Does this mean I've "made it"? Hell if I know. I just keeping writing and submitting and signing contracts and hoping that at some point the momentum of so many publications, name recognition and more skillful storytelling will eventually make me feel as if I've "made it". Right now, I just feel like I'm trying to run up an ever-steepening hill, trying to do better with every new story or novel I write.

But what the heck does any of this have to do with this month’s editorial? Not much, other than to explain why there was no editorial last month and why there won’t be much of one this month, maybe for the next couple of months, in fact.

Getting these five books out as per the contracted deadline is super important to me right now. After all, as much as I love writing and editing for this online magazine, and sharing my passion for all things horror related, being a professional writer has been my dream since I was a little kid. I didn’t have much a shot to do so when I was in my twenties and thirties because I had a full time job and other responsibilities to attend, which made it difficult to sit as much as I needed to put the time into honing my craft to a level that is good enough to make people want to buy anything I write.

Hell, I’m not so sure I’ve attained that level even now, but the difference is, now, I don’t have much of choice.

Since my injury in 2009- a complete rupture of my right Achilles tendon- the subsequent multiple operations, and the chronic infections which ate away most of the repaired tendon, part of my heel bone and a good chunk of flesh which became necrotic because of it, I’ve been pretty much unable to do a real 9 to 5 job like I had before. What I have been able to do, once I pulled myself far enough out of the deep depression in which all of this left me, I had the time I needed to write myself well again. That’s how DEAD DOG came about. I wrote about how I felt, and before I knew it, I had a protagonist (Max) and his best friend (Little Billy), who, somewhere by the middle of the novel, an alter ego, a sort Yang to Max’s Ying. I began to speak through these guys, telling my own stories about my growing up in Yulee, and thereby getting rid of a lot of the demons which were riding my ass when I discovered that I was no longer a young man and that I was no longer physically sound…that, indeed, I was handicapped. And let me tell you: You may think to yourself getting a life long limp and the inability to perform ballistic actions with one leg isn’t that big of deal, but when your life sort of revolves around martial arts, the way mine has in the last few years, it is a hell of a blow to your emotions.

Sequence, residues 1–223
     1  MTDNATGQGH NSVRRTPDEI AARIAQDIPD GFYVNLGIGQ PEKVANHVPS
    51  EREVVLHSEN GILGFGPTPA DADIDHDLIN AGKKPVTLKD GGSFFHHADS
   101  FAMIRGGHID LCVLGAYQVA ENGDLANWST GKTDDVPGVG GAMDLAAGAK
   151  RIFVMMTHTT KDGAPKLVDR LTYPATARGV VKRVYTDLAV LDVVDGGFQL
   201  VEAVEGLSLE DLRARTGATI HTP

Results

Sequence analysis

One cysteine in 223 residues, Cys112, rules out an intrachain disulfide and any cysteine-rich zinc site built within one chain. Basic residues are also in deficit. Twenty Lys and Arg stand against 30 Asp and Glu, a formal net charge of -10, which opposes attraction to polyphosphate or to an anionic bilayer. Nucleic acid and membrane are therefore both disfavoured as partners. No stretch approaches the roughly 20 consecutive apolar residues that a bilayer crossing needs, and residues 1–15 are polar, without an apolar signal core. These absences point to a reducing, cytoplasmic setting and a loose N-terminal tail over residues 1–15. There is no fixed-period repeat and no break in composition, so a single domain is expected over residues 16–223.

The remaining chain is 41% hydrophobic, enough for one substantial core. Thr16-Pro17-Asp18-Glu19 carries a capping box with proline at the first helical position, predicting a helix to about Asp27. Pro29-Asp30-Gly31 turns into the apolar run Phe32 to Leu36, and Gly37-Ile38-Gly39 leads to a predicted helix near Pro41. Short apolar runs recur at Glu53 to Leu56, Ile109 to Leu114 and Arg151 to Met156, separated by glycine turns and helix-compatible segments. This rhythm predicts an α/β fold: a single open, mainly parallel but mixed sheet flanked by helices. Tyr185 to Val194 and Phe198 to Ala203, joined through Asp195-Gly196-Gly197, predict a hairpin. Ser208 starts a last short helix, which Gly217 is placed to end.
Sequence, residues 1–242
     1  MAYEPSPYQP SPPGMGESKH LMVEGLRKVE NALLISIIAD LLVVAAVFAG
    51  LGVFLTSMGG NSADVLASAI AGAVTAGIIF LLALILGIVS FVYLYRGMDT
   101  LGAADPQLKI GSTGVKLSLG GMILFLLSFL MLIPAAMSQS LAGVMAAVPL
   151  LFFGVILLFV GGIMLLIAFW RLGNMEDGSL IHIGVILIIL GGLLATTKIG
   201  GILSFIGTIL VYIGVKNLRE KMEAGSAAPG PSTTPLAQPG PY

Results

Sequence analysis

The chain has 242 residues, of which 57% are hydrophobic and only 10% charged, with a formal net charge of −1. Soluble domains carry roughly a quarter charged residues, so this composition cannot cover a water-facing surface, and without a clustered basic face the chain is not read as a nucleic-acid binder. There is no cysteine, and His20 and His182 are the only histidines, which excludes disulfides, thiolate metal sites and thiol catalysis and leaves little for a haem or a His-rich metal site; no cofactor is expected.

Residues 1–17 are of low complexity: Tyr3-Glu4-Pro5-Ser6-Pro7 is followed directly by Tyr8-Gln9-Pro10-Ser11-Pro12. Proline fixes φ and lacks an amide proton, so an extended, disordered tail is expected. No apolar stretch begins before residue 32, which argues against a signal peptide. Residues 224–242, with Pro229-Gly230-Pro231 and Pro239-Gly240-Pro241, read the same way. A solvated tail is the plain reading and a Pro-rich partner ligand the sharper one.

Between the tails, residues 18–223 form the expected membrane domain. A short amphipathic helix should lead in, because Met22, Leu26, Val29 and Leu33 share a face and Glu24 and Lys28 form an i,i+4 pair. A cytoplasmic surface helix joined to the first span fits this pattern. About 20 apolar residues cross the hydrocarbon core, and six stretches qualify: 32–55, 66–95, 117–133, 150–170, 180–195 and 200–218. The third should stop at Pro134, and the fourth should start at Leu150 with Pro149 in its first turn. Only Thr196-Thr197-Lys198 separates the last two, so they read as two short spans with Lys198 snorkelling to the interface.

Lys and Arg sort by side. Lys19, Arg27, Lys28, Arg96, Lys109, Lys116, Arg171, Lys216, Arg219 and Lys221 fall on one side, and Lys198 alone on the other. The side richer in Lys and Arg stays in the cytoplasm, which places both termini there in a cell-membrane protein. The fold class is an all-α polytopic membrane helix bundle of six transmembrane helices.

I know, I know…I’m lucky this is all I have to deal with. I know there are people who live their entire lives much worse off than me. I know I’m fortunate that the operations save me from dying of toxic poisoning from the infections. I know all of this…but it still sucks not being able to run again, not being able to perform a simple thing like a two legged jumping jack, or to use both legs to push with or to do anything physically ballistic with my right leg. All because of bad luck and a couple of doctors who decided they didn’t have time to properly diagnose my infection.